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I am designing a thermionic converter and one of the biggest inefficiencies is the thermal conductivity and limited electrical conductivity of the leads. I'm trying to mitigate the loss of heat besides finding other materials that conduct heat poorer and electricity better than Tungsten. One option open is the shape of the lead. Although I don't know if changing the shape of the lead will make any appreciable difference. I am considering a spherical shaped lead in between two flat electrodes. The point of contact of the sphere should be flattened somewhat to allow a better connection. I don't have the mathematical skill to apply Fourier's law to a semi-sphere. I also need to know its overall resistance and I don't have the skills for this either.

If you think it would be worth calculating please share your answer and formulas. Or if not, please explain your reasoning.

update 6/29/14

It seems to me that if you had a sphere with 2 opposing contact areas (Ca) it would not conduct heat any faster or slower than a straight cylinder with the same contact area (Ca). The cooling part and the heating part are the same size in area.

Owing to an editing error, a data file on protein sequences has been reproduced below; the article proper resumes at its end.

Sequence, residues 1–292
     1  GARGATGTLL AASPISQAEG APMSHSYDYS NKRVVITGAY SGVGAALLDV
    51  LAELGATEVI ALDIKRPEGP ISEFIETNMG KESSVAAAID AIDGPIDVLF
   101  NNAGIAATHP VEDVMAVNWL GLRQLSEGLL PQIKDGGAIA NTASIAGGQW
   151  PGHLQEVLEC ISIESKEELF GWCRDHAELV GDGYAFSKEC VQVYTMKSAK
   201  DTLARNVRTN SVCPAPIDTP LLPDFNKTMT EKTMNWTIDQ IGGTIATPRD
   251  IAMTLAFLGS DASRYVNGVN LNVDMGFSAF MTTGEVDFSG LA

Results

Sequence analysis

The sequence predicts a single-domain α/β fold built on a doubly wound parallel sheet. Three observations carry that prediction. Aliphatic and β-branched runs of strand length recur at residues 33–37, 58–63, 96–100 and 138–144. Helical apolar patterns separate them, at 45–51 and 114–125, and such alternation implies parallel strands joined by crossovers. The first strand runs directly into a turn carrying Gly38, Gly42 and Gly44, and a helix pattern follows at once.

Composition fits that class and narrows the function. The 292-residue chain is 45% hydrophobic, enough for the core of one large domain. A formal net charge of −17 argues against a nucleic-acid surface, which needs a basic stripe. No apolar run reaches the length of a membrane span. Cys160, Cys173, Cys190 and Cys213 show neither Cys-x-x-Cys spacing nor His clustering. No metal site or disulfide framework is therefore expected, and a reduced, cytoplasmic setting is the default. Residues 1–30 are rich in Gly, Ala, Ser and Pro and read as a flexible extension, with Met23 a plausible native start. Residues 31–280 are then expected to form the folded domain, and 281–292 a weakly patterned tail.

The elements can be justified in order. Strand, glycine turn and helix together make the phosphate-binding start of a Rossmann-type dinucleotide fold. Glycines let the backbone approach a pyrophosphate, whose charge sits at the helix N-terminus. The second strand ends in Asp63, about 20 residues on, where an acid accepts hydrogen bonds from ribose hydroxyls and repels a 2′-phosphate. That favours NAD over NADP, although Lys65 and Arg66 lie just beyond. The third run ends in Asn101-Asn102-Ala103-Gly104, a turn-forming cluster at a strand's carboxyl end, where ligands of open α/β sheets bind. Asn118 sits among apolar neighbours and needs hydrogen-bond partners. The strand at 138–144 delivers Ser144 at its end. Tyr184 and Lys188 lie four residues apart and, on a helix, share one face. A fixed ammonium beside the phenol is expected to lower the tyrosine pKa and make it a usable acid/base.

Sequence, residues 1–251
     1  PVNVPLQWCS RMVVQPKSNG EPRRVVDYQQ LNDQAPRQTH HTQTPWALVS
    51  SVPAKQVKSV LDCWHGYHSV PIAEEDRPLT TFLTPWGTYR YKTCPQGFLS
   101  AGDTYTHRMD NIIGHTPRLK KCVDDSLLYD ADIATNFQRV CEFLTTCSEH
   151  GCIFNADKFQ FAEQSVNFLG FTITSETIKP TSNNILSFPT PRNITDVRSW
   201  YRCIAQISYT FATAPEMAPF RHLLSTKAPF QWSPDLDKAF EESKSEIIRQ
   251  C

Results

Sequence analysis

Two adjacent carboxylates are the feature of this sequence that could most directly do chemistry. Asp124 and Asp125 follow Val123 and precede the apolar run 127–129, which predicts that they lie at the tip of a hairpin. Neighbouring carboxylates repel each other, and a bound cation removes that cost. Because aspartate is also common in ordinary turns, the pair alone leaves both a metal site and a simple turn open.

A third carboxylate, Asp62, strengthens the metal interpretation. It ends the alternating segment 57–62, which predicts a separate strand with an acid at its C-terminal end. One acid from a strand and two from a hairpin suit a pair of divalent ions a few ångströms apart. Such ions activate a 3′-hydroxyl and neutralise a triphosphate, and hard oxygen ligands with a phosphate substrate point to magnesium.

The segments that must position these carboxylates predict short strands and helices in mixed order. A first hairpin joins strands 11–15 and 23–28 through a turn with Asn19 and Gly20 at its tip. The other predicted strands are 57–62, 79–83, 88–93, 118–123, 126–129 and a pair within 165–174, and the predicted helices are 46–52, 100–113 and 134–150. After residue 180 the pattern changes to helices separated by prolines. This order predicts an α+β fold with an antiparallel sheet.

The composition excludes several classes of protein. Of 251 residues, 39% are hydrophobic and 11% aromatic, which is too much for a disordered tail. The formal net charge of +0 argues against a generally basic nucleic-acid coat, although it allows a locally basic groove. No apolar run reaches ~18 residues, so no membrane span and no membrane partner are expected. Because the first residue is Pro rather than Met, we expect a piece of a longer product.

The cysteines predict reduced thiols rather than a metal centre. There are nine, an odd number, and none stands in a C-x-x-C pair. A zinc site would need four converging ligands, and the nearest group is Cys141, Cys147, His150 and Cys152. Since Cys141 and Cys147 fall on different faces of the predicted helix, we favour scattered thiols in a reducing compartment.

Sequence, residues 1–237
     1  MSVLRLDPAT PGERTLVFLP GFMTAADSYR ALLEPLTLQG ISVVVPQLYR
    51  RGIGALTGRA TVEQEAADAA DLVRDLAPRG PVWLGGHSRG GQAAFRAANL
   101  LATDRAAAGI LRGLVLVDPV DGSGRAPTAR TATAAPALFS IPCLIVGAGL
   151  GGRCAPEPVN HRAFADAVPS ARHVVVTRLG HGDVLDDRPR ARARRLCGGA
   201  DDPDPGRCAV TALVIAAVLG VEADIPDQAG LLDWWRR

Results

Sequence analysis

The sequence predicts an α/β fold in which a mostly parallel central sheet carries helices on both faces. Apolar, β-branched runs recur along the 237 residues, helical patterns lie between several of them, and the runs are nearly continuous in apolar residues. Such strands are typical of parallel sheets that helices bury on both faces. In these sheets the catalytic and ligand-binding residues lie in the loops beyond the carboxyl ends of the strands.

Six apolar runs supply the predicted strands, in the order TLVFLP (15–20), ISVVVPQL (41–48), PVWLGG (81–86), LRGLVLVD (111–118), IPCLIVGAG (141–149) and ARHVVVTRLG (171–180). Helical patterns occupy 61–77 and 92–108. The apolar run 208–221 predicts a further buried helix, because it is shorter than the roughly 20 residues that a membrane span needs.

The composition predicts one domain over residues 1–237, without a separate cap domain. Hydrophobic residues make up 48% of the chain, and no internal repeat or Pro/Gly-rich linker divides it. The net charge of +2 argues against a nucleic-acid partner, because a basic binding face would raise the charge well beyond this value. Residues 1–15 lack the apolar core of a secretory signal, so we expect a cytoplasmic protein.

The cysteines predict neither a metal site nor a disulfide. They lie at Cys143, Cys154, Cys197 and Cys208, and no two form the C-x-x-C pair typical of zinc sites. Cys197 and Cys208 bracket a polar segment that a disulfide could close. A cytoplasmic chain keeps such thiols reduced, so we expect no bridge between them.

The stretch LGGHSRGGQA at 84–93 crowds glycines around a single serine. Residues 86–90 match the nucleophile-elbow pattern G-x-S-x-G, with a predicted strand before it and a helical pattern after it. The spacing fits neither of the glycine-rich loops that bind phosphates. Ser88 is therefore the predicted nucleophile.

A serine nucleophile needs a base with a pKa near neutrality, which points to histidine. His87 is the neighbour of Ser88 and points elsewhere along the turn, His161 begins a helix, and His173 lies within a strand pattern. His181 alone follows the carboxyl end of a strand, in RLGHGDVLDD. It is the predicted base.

Calculating the resistance was fairly easy to do in slices in javascript. And the resistance reduction from a straight cylinder with contact areas (Ca) on either side to a sphere with a limited contact areas (Ca) was considerable.

How far is my reasoning now?

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  • $\begingroup$ I think your question is an engineering question, not a physics question. It asks for a way to best arrange a specific instrument. $\endgroup$ – ACuriousMind Jun 29 '14 at 17:32
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Turns out the reduced electrical conductivity ruins this idea. I've posted my solution here:

http://externalcombustion.org/spherical-leads-offer-no-improvement/

Actually a little more inspection shows that there is a small improvement if (and only if) you use larger diameter sphere leads and optimize the cutoff ratio. So it doesn't look like a complete waste of time...

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